C2C HOME: First Cradle to Cradle house underway

by , 07/30/06

C2C Home, Cradle to Cradle, Cradle to Cradle Home Competition, Green Architecture, Green Building, Sustainable Homes, Coates and Meldrum, William McDonough
above: entry by Coates and Meldrum

Anybody remember the launch of C2C Home a couple of years ago? It was an open competition for residential design using the values of sustainability set forth by William McDonough’s Cradle to Cradle philosophy. We were highly anticipating the futuristic housing that would emerge through the collaboration of forward thinking developers, talented designers, and dedicated contractors striving to reduce our living footprint. Having heard little in the last two years, we were thrilled to learn that the first Cradle-to-Cradle house is nearing completion in Roanoke, Virginia.

So which entry was chosen? And what fabulous design is about to materialize as a monument to the principles of sustainable living? Here’s a hint: the competition winner (pictured above) will not get that particular honor………

C2C Home, Cradle to Cradle, Cradle to Cradle Home Competition, Green Architecture, Green Building, Sustainable Homes, Stephen Feather and Richard Rife, William McDonough

The design by local architects Stephen Feather and Richard Rife (above) has been chosen from the 624 other entrants in the competition as the inaugural project to be built. While it was not a winning entry, it seems that the city of Roanoke, in which the competition was sited, has gone forward with construction plans. We had hoped that the design of this first model would be more aesthetically inspiring, although we commend the integration of renewable energy systems, such as the geo-thermal heat pump and solar panels, in such a modestly priced home: construction costs are expected to be around $150,000, much of that being subsidized by a local community development corporation.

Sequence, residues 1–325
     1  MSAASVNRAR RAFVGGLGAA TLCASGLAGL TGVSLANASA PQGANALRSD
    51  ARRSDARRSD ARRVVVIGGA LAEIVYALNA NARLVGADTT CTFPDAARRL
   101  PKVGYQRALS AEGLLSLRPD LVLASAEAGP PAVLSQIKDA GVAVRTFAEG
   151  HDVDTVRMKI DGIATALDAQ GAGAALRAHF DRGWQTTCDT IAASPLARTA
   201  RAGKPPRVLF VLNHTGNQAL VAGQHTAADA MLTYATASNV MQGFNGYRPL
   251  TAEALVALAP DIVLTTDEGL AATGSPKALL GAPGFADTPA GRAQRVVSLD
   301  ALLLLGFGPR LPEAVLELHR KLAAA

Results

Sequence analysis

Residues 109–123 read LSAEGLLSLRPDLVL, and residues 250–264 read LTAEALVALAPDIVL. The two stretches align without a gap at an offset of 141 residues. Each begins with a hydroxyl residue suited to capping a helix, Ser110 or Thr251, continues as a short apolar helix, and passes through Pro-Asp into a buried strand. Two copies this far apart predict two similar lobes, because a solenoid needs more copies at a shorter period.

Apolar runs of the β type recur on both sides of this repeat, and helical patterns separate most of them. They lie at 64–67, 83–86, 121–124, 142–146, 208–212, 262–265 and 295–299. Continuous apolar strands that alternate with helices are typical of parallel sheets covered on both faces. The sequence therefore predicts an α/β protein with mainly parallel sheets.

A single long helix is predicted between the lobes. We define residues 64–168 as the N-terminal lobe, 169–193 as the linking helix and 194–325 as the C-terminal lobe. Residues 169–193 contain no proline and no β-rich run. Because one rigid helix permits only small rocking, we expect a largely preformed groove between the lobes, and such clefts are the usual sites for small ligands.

However, the question begs to be asked; why was this model chosen for construction over one of the winners? Of course, we encourage sustainable development however it happens. But is this the best representative of innovation in sustainable systems, technologies, design, and living? The latest news offered on C2C’s website is that a ceremonial groundbreaking was held in May of last year for up to eight of the entrants. C2C notes that plans for two (non-winning) entries are in the works – neither of which are Feather and Rife’s, which make this all the more puzzling. Most likely, Feather and Rife’s entry was simply the easiest to construct, generically palletable, and the least scary from a public funding standpoint. Baby steps, right?

We would love to know what the status is of the winning projects – if they are going to be built, how the funding will be procured, and what the timetable might be. If these winning entries are being disregarded in lieu of other participants, what was the point in honoring them in a competition about building homes sustainably? The irony is that 600 design teams worked their butts off “burning the midnight oil,” plotting test prints, building models, and shipping their work – to be judged on how effectively it minimizes waste and uses resources responsibly!